It is no longer enough to sprinkle UX on the top of product development. UX is becoming a key factor when customers choose a product or want to buy into a brand experience.
Surprisingly, organizations are still struggling to understand the field of UX design – and see the value in investing in this area. Often they are still relying on gut feeling or the designers’ prior experiences, rather than basing decisions on data and insights collected through UX research and user testing. It seems that organizations are still struggling to value UX design as a standalone discipline. A lot of this is due to the complexity of UX and that the positive impact of great UX is hard to measure.
As UX practitioners, we need to be able to articulate user needs as business opportunities and prove the impact of our work. Hence, we need to understand the business, speak the language of business, and be able to put numbers onto experiences, track development and progress over time, and connect our UX work to overall KPIs and OKRs within the organization. This is something many UX practitioners are struggling with, maybe due to the qualitative nature of some of our work. And unfortunately, it seems that in some fractions of the UX community the idea of putting numbers onto experiences is frowned upon.
We need to speak a user-centric business language
We all want a seat at the table in order to get more budget for our work. To get a mandate to speak at the table we need to be able to articulate UX in the language of business. We need to explain to our stakeholders why UX is a key driver both for sales and differentiation and be able to measure it. We need to make the organization understand that great UX leads to success.
So, how do we know if our product is doing well? Businesses are already tracking different established key metrics e.g. page views, clicks, conversions, active users, revenue, churn rate – and they are all well understood. Organizations have set up a system of tracked KPIs to keep an eye on what is important to them, and to be able to tell a story of performance, growth, and in the end; success. These metrics are of interest to us, and we should keep an eye on them too. But they are not telling the whole story of what our users do with our products – if we are in fact meeting their needs. Nor are they helping us learn what is needed to shape future product releases. So in addition to the more ‘traditional’ business metrics, we should implement more user-centered metrics for the product. To understand success and failure, we need to understand what our users do.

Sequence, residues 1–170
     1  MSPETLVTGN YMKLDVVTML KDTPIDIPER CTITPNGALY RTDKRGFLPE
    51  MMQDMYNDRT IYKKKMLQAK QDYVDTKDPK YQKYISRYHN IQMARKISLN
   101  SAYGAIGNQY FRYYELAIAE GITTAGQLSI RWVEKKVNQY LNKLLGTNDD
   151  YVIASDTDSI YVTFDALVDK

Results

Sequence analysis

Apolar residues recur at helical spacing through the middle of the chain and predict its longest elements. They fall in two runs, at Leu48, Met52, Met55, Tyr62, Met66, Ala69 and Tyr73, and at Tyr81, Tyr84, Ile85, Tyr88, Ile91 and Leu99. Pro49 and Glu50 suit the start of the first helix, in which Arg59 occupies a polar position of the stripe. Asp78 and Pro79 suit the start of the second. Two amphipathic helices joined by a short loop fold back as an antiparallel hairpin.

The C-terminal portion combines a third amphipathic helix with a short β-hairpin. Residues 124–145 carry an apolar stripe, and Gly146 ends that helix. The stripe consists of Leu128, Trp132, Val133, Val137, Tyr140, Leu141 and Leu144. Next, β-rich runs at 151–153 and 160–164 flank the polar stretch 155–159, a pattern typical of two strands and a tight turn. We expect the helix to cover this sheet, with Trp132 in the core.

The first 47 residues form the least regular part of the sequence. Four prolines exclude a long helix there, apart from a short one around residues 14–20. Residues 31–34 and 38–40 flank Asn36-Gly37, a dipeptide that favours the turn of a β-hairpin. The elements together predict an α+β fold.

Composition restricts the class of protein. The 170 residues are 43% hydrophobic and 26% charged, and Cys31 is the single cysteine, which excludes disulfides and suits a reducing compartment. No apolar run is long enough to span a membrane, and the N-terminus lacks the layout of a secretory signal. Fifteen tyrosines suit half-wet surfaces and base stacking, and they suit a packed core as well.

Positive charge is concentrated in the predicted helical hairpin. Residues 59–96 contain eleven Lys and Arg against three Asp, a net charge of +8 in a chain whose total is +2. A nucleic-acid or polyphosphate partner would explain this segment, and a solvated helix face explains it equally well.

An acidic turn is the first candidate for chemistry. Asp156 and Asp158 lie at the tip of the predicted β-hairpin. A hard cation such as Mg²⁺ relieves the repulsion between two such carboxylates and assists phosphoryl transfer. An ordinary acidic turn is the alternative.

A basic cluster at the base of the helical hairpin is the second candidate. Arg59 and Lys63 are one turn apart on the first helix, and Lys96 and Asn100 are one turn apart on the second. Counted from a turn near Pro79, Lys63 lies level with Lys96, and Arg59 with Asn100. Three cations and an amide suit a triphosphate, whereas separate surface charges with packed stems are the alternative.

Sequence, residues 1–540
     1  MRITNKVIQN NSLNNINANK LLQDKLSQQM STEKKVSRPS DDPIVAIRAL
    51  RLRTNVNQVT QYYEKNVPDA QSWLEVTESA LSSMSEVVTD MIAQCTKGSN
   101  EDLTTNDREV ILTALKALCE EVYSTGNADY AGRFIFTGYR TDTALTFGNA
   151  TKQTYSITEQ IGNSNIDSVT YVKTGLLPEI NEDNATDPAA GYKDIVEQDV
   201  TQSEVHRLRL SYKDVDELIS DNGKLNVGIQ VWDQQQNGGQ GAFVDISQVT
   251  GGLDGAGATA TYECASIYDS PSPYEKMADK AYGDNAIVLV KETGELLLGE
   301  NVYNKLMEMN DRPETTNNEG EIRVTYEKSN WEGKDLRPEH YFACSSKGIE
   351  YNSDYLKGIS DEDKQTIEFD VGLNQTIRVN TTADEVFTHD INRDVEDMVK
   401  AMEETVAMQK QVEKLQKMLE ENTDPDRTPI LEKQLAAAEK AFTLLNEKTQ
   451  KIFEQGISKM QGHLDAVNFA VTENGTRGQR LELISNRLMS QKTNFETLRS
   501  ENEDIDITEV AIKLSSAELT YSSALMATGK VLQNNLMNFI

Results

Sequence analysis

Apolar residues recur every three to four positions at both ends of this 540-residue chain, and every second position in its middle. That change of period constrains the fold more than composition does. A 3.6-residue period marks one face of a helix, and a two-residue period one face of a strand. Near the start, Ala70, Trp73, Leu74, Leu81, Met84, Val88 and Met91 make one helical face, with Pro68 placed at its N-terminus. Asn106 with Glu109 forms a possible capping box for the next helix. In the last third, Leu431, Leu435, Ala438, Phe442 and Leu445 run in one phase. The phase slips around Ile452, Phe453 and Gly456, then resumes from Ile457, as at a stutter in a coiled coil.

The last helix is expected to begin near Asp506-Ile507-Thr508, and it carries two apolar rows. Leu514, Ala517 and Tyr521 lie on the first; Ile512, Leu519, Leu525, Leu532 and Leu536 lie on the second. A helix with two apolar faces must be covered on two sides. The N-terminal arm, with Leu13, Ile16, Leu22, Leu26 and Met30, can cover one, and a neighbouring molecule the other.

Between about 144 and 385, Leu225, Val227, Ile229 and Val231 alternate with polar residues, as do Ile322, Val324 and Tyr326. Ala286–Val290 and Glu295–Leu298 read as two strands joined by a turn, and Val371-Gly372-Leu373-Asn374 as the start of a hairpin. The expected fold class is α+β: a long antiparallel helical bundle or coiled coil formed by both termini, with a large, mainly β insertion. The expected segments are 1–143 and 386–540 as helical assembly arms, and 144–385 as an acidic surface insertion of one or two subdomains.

Working with the right UX metrics in Preely
We need to be able to convey product performance (both success and failure), while also indicating the level UX of the product. Stating whether the experience was good or bad, intuitive or non-intuitive, is not enough.
By introducing quantitative measures, we can be more precise in describing success, failure, the level of UX, and are able to measure progress throughout the development process. However, this can be a bit tricky since we do not have a one-size-fits-all solution. We need to be able to measure a combination of what people do (actions) and what people think (attitudes).
UX metrics should be based on underlying business criteria. When defining UX metrics we need to define goals and signals.
The experience you want your users to have, or how you want your users to engage with your product. It defines how we expect users to behave in order to be successful as a business.
Changes in user behaviour, opinion, etc. could indicate success or failure. This defines the signals indicating that the product is doing well.
We need to define goals and signals for each feature or part of the product.
Preely collects different types of actions, including success rate, task time, etc. We call them performance metrics. For attitudes, we collect different self-reported metrics e.g. Likert Scale, Semantic Differential Scale, Open-Ended Questions, etc. You can read more about performance- and self-reported metrics here.
We encourage you to start simple – maybe just with success rate and a rating question. Then you can build upon that and also use it as the first baseline for comparison/tracking.
When you are ready to move on from the simple approach, Google has defined a great framework – the HEART framework. It defines five areas of measuring UX. You can read about their framework here. You define which goals are important to you and your organization and then fill in the model, with your own goals and data. The picture shows the HEART framework filled out for an app.
Bang & Olufsen’s UX KPI & Benchmarking framework
If you are interested in developing your own UX KPI and benchmarking framework. We have written an article about how we developed the Bang & Olufsen’s UX KPI & Benchmarking framework. The beauty of this framework is that it includes the physical experience of a product as well. You can find our paper right here.
A model of the Bang & Olufsen UX KPI & Benchmarking framework